By Olya Ryabets
The Cleansing of Constance Brown is the last show of this year’s World Stage Festival at the Harbourfront Centre. It’s created and performed by the members of the experimental British company Stan’s Cafe and is well worth seeing. The company tells us that the performance “has been made with love” and it shows.
This is one of those shows you should rush out and get tickets for this minute, because not only is it a VERY short run – the show closes May 9th – but there is only room for 35 audience members per show.
The Cleansing of Constance Brown is a series of non-verbal sequences set to music and presented in a constantly transforming corridor, which actors, moving through time periods and a variety of human institutions, enter and leave by way of mysterious side doors. As you form your own unique ideas of just what these rooms might contain, you are also invited to reflect on a variety of themes.
I wholeheartedly wished a bigger budget for the company along with a more refined and detail-oriented designers. The tech aspects of the show lack weight and polish. This makes them no match for the finely tuned, impeccably paced acting. The idea is there, but it demands a larger scale and perhaps the show would be better off as a site-specific event.
I should warn you though, I am a picky stage perfectionist and a huge sucker for eye-candy, so take my opinions with a grain of salt. Still, one can only wonder what a higher level of design would do for the already fantastic energy of the tremendously likeable, excellently-rehearsed cast.
For those who prefer a direct linear narrative, something that makes it’s ‘meaning’ somewhat explicit, this may not be the show for you. Of course, if you’re thinking of trying out a different form of theatre, the prowess of the performers in this show might make it be the ideal one to cut your teeth on. See how you feel having to make your own meanings and connections, it may be more comfortable than you expect.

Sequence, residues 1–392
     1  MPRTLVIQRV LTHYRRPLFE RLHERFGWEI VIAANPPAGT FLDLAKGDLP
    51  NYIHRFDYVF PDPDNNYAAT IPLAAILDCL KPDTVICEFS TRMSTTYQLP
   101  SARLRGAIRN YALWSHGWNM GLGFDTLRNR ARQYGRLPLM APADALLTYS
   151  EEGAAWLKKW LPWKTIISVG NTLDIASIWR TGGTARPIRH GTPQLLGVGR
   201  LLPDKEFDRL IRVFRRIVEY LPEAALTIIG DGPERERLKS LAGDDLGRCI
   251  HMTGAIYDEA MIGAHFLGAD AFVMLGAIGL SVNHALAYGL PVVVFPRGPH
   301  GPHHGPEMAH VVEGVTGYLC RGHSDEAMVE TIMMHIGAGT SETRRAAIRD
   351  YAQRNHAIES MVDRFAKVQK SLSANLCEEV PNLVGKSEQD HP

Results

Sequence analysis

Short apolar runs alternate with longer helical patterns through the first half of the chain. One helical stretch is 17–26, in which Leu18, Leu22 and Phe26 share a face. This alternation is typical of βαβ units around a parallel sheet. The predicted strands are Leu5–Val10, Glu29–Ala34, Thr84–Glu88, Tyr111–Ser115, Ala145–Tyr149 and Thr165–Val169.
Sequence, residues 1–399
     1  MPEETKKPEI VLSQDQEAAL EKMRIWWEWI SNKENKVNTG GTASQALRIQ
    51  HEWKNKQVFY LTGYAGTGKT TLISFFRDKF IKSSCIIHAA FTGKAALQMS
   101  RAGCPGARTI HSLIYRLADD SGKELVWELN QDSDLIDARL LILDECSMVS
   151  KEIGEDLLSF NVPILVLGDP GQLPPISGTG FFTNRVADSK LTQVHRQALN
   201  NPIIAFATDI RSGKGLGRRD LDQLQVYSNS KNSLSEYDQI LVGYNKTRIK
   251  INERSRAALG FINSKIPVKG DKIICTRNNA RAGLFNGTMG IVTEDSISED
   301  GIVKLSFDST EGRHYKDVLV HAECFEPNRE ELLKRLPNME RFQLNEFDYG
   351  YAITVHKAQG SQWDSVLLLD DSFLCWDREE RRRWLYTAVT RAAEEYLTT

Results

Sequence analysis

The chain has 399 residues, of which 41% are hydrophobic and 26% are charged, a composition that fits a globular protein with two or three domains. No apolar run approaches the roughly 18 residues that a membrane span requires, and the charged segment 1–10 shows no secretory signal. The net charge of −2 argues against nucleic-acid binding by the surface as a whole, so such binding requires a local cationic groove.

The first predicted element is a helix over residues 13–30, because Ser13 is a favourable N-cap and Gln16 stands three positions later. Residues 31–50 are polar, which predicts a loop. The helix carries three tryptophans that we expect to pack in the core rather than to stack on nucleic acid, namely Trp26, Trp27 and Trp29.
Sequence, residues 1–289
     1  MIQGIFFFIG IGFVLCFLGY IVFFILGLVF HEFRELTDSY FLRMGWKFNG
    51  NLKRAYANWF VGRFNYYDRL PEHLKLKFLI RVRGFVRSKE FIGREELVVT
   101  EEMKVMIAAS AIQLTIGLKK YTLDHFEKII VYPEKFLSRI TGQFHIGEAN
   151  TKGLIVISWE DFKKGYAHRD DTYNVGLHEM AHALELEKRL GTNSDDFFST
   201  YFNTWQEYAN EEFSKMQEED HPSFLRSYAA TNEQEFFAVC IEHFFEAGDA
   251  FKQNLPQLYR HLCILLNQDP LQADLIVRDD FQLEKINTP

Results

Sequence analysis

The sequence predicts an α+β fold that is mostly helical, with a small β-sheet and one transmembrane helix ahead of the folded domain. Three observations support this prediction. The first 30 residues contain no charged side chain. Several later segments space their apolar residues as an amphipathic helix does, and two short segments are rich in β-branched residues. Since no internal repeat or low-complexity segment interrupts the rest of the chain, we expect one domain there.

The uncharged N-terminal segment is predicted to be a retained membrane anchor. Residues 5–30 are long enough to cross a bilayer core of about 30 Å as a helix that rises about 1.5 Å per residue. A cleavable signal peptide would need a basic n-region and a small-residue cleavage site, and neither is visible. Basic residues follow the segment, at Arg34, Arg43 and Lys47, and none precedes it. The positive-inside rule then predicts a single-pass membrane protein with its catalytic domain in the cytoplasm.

For the audience member with a more jaded palette, desensitized to post-modernism over the course of, say, several years of post-graduate theatre studies, the show’s concepts might feel a tad redundant. Those people can take pleasure in the engaging soundtrack, as well as the fine acting and wonderful energy of the cast.
Indeed, if you are going to see this show for one reason, make it to witness the actors at work. Their use and manipulation of time sent chills down my spine on several occasions. The entire 70 minutes are meticulously choreographed, even when the pace slows down a tad too much, leaving no twirl, twitch or eye-roll up to chance.
The show is about stories that we make ourselves. What do you see?
– The Cleansing of Constance Brown is playing at the EnWave Theatre (231 Queens Quay West) until May 9th
– Show times are: Thu May 7, 2009 – 6:30pm and 9pm; Fri May 8, 2009 – 6:30pm and 9pm; Sat May 9, 2009 – 2pm and 8pm
– Tickets are $40 and available through the Harbourfront box office at 416-973-4000
Photo by Ed Dimsdale